“It is our women who guide us,” he said.
Irene’s husband Fred Johnson, traditional wellness co-ordinator, explained Secwepemc spirituality and said without forgiveness people cannot heal.
“At one point we had 200 survivors from residential school in our community,” Fred said, and shared how he had to overcome using alcohol by finding strength through his culture.
Maintaining eye contact with Mayor Cobb the entire time, Fred talked about the meaning of each colour and component of the talking stick he was holding.
Then to everyone’s surprise, he presented the talking stick as a gift to Cobb.
After listening intently to the stories, the visitors received medicine pouches for protection and commitment sticks, which were initiated in the community to end violence against women.
The evening conclude with a sweat, which took place down by a creek.
Cobb couldn’t participate in the sweat because he had a heart attack last year, but said the evening solidified the need for more dialogue and showed him how much inter-generational trauma can impact people’s lives.
“I think it was an excellent opportunity to meet and learn about some of the things they had to deal with and their healing process,” he said a few days later. “Everyone I have talked to has said it was a great opportunity.”
Coun. Ryll described the visit as an invaluable experience.
“It was an educational exchange that solidified the need for more partnerships,” Ryll said.
Coun. Scott Nelson said it was an honour and privilege to spend time with people from Esk’etemc and hearing the stories was ‘extraordinarily powerful.’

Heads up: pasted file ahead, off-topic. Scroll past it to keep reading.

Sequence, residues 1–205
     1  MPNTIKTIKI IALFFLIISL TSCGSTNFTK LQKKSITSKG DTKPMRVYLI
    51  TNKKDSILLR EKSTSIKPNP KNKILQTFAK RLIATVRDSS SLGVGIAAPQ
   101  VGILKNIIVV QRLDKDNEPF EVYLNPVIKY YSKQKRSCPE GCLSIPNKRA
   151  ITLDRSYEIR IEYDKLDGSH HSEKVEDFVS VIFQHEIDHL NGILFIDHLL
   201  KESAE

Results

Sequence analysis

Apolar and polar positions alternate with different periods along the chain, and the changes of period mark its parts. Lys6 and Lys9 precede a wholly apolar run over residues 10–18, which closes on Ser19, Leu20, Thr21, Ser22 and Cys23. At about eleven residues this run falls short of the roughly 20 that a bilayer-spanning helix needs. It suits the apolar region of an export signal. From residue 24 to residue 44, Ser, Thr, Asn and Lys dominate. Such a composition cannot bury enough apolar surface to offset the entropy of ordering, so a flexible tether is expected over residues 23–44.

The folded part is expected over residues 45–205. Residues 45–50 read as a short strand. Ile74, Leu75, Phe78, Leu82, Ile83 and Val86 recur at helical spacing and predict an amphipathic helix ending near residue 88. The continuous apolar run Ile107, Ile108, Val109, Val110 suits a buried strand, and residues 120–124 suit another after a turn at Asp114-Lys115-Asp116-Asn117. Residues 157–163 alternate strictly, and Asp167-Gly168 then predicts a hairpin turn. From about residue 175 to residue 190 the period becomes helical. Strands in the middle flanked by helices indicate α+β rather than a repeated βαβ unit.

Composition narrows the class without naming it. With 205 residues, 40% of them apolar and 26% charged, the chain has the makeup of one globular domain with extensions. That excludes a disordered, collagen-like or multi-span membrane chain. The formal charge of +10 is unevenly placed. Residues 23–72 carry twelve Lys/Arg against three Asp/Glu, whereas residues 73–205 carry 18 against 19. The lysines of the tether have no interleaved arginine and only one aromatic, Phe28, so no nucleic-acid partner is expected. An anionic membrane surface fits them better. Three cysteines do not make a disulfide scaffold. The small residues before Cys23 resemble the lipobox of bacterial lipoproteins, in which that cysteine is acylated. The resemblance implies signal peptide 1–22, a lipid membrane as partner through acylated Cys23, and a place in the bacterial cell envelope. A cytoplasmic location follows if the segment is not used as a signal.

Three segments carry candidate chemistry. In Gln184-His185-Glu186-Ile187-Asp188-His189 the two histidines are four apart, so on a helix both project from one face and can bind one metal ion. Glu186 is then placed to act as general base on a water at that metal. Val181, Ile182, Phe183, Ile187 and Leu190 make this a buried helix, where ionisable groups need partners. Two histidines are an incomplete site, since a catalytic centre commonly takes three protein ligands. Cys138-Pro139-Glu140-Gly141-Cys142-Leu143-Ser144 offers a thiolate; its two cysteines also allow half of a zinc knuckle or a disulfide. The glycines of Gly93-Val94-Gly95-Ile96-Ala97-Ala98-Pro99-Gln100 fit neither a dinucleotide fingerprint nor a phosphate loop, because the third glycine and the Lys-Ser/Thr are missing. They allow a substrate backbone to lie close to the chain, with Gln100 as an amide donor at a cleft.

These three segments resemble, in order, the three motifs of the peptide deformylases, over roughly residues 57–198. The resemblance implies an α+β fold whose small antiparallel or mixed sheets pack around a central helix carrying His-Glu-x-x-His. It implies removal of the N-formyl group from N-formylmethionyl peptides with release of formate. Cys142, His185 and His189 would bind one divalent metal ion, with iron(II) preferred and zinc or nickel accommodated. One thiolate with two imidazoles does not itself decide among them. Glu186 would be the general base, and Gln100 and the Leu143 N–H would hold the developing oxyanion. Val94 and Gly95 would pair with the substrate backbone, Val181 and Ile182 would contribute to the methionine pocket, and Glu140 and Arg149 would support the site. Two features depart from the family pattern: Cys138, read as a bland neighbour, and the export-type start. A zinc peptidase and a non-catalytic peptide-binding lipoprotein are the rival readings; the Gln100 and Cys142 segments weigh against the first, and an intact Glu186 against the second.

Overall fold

Participating in the sweat was calming and helped cleanse negativity, Nelson added.
“They have a unique culture and being with them gives you a different perspective and understanding.”
Williams Lake chief administrative officer Milo MacDonald, who was an RCMP officer for 20 years, said it was like coming full circle to participate in a sweat again.
“Twenty-four years ago when I finished my training to be an RCMP officer, a friend learned I was going to work in Williams Lake and he told me I needed to do a sweat,” he recalled. “He organized for me to go to Alkali before I even worked my first shift.”
Brenner said the experience showed her the City can do better.
“Esk’et modelled an environment that is safe, open and where you can learn and I expect the City to move forward in the same way,” she said Friday. “People have been afraid to speak in fear of misstepping, but if we don’t deal with things we cannot move forward.”
It shouldn’t be about blaming and shaming, but more about creating a caring environment, she added.
Thinking back to the comments she made during the council meeting about residential school, she said she realizes how insensitive that was.
“It was not my intention to hurt anyone, but if I had a chance to reconsider my words I would, now that I look back. But because I did misstep, the invite came from Esk’et for us all and we can use the experience to spring forward in a way that is more understanding,” she said.
Chief Fred Robbins told the Tribune on Tuesday, July 14, although there are major issues in the way of progress, First Nations must maintain their integrity and beliefs and he hoped his community’s sharing of teachings and knowledge will have an impact on the way the City of Williams Lake works with First Nations.
Over the generations First Nations have done everything in their power to survive — through smallpox, residential schools, day schools, treason, genocide and more, he said.
“Here we are today looking for some truth and reconciliation, but governments define that as a marketable statement, to continue business as usual.”
During the meeting, the guests had a glimpse of what it is to be First Nations and to have held onto the culture and traditions, language and ceremony, he added.
“For city council to partake was well received, I felt, the council left with more of a understanding of the trials and difficulties First Nations have in dealing with modern society, and still hold onto the fundamental truth. We are not going anywhere, and we need to work together, to protect the rich history and culture.”